RE: delayed reply

From: Higgo James <>
Date: Fri, 26 Feb 1999 11:02:26 -0000

Great post from Juergen Schmidhuber. A superb explanation, from an
unexpected source (computer science), of the subjective nature of
everything. Lots of people - like me until recently - talk about
subjectivity and fail to see the enormity of the idea. I have ccd this to
Vic Stenger, who I have failed to move even slightly towards this view,
which he regards as bordering on solipsism (Hi, Vic, hope Japan doesn't sink
into the sea as our economic data indicate).

One point of disagreement with Juergen: you don't need infinite strings of
great programmers. There need be no great programmer, just the program. And
since there's no programmer to make it complicated, the program is as simple
as it can be.


> -----Original Message-----
> From: []
> Sent: 25 February 1999 14:02
> To:
> Subject: delayed reply
> A somewhat delayed reply to certain previous posts. I apologize
> if there is some redundancy with subsequent messages by others.
> Gilles Henri writes:
> > I have much more objections in fact to models like Schmidhuber's one:
> > again what are these Turing machines, Big programmer and so on made of?
> This does not seem essential and is therefore left unspecified. You can
> try to make one of the stuff you find in your own universe. Note that
> many of the Great Programmer's universes indeed feature another Great
> Programmer who programs another (possibly different) Big Computer to
> run all possible universes. Obviously there are infinite chains of
> Great Programmers.
> > Who is "interpreting" a string as a Universe?
> This may be a somewhat misleading question. It seems based on the
> assumption that the interpreter is not himself part of a computable
> world representable by bitstrings. E.g., your internal state changes
> and email messages and worries about "interpretations" are just part of
> the computable evolution of a particular universe. It does not matter
> that we may produce computable outputs claiming otherwise ("it doesn't
> feel like it"), to be interpreted by other computable interpreters like
> ourselves. None of us needs to be aware of the bitstring representation.
> > Is it true that in this model every "state" is finite, that is the set
> of
> > all possible states of all possible universes is countable?
> Yes, definitely! Just like sqrt(2) is describable by a finite
> algorithm. Most real numbers, however, are not describable at all -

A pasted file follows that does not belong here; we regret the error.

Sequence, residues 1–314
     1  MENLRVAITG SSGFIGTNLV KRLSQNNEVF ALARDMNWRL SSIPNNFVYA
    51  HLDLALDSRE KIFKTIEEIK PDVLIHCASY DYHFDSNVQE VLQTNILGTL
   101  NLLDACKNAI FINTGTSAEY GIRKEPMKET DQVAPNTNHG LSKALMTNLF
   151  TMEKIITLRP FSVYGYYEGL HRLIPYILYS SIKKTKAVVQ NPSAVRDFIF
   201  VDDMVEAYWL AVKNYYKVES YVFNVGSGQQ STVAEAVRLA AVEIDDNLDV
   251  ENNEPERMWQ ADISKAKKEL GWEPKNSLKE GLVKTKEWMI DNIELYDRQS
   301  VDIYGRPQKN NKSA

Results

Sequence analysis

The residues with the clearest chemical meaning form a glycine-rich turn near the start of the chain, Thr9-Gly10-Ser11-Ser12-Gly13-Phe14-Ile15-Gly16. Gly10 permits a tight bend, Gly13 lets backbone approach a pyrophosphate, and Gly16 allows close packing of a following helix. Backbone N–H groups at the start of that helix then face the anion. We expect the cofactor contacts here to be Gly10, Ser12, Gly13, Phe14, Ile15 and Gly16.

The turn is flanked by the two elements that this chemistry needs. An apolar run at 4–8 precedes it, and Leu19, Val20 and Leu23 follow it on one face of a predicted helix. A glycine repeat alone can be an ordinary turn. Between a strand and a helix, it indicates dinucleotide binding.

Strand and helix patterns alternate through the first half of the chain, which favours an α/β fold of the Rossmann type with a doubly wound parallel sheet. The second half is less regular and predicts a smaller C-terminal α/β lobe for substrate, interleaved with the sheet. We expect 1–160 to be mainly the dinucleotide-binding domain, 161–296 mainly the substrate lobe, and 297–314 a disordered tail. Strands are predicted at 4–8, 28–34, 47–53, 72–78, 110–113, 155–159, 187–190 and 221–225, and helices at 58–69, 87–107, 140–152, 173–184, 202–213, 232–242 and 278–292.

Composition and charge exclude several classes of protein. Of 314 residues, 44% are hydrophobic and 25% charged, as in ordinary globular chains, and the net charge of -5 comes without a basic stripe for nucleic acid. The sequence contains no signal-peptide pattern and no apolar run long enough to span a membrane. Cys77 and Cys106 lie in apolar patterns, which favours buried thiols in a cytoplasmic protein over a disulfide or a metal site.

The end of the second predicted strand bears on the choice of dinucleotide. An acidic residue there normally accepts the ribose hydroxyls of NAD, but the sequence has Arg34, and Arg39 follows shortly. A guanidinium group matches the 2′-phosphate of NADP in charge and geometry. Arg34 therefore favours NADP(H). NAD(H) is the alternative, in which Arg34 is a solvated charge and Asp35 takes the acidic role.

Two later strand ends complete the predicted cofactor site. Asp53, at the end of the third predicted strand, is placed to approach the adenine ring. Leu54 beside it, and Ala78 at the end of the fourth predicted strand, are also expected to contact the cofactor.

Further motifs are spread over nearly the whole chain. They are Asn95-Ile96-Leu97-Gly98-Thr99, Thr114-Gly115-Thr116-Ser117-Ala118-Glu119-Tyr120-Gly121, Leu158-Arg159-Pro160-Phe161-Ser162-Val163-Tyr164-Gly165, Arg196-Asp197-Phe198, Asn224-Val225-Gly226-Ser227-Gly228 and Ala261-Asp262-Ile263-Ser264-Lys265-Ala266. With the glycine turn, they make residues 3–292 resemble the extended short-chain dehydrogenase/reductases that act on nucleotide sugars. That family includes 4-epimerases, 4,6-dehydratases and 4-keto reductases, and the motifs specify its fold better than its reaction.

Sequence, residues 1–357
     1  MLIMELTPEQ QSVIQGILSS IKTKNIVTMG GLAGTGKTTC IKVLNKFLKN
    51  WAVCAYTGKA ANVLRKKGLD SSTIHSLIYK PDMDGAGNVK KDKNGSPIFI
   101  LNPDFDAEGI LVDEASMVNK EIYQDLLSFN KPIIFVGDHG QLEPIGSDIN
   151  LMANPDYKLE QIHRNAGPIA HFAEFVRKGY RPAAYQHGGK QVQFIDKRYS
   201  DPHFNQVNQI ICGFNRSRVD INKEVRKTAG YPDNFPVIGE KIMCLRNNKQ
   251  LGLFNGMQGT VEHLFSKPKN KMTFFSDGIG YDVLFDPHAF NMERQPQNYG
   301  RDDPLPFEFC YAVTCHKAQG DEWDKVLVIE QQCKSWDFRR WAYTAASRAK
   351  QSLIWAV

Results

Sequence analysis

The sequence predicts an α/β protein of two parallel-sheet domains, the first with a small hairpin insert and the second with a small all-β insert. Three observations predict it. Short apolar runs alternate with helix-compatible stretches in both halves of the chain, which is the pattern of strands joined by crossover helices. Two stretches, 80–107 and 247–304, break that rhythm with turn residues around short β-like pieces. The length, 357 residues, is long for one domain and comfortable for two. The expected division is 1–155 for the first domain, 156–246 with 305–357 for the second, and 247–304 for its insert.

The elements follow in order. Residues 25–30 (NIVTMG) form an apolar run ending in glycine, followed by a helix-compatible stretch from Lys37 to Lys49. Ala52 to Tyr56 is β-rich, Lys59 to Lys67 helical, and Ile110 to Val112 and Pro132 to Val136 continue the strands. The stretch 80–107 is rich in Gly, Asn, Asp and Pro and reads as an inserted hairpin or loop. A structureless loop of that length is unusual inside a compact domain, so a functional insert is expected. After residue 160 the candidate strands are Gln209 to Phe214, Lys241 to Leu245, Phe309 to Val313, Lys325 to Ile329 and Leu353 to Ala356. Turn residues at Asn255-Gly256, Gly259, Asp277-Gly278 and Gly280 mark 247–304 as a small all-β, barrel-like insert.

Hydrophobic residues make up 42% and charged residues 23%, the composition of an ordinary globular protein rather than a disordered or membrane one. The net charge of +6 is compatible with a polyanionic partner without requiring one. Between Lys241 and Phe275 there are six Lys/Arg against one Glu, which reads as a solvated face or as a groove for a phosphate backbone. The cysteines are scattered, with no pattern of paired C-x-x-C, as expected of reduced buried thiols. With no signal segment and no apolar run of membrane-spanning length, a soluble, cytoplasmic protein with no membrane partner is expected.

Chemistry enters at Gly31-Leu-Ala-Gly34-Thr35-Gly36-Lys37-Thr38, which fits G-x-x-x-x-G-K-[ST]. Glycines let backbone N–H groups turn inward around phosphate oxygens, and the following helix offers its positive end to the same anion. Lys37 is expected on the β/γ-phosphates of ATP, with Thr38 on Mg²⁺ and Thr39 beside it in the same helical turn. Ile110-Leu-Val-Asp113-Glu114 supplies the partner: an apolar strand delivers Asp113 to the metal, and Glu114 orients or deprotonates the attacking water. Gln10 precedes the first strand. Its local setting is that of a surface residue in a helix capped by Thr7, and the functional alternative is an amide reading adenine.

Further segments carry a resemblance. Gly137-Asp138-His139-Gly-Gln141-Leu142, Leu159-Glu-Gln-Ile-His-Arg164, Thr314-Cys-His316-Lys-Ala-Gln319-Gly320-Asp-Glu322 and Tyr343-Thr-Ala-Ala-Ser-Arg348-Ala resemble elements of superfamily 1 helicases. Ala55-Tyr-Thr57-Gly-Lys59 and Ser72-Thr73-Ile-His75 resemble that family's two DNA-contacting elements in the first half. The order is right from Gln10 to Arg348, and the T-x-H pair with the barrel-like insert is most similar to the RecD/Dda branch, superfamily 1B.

> they convey infinite information. We cannot even talk about them. No
> room for them in any of the Great Programmer's universes!
> > Does it mean for example that the possible values of physical
> > constants are discrete?
> Discrete or at least computable. In none of the Great Programmer's
> universes there is Super-Turing computability, although the concept
> has become fashionable in our particular computable universe, and lots
> of computable people make computable noises about it.
> >The simplest program just enumerates all integer
> >numbers. If you can tell me which integer describes the existence of
> >consciousness or to the existence of anything like an electron or
> whatever
> >you want, I would be very grateful to you!
> To comment on this in the spirit above, I took a paragraph from my little
> paper and replaced every occurrence of "life" by "consciousness":
> What is consciousness? The answer depends on the observer. For instance,
> certain substrings of E_k may be interpretable as the evolving
> consciousness of a living thing L_k in U_k. Different observers will
> have different views though. What's consciousness to one observer will
> be noise to another. In particular, if the observer is not like the
> Great Programmer but also inhabits U_k, then its own consciousness may
> be representable by a similar substring. Assuming that recognition
> implies relating observations to previous knowledge, both L_k's and
> the observer's consciousness will have to share mutual algorithmic
> information: there will be a comparatively short algorithm computing
> L_k's from the observer's consciousness, and vice versa.
> And Bruno wrote:
> > ...I will be very short. Nevertheless, about Schmidhuber, although there
> > is some superficial resemblance with my thesis, I realise Schmidhuber
> has
> > an inconsistant understanding of the computationnalist hypothesis. More
> > on this latter....
> Did I miss a follow-up message? I guess I haven't seen any subsequent
> explanation of Bruno's claim.
> The Great Programmer religion is a religion of simplicity. One may
> believe in it until (a) there is evidence against it (e.g., someone shows
> that our own universe won't run without all the real numbers), or (b)
> someone
> comes up with an even simpler explanation of everything. Right now neither
> option seems very likely to me. ;^)
> Juergen Schmidhuber
Received on Fri Feb 26 1999 - 03:06:28 PST

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